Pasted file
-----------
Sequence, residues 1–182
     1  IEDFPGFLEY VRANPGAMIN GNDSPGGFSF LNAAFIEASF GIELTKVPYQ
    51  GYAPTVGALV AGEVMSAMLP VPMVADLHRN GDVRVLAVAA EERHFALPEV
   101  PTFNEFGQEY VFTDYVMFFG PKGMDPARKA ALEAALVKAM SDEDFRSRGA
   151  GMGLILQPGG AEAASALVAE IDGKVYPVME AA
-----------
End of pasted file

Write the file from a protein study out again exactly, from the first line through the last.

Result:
Sequence, residues 1–182
     1  IEDFPGFLEY VRANPGAMIN GNDSPGGFSF LNAAFIEASF GIELTKVPYQ
    51  GYAPTVGALV AGEVMSAMLP VPMVADLHRN GDVRVLAVAA EERHFALPEV
   101  PTFNEFGQEY VFTDYVMFFG PKGMDPARKA ALEAALVKAM SDEDFRSRGA
   151  GMGLILQPGG AEAASALVAE IDGKVYPVME AA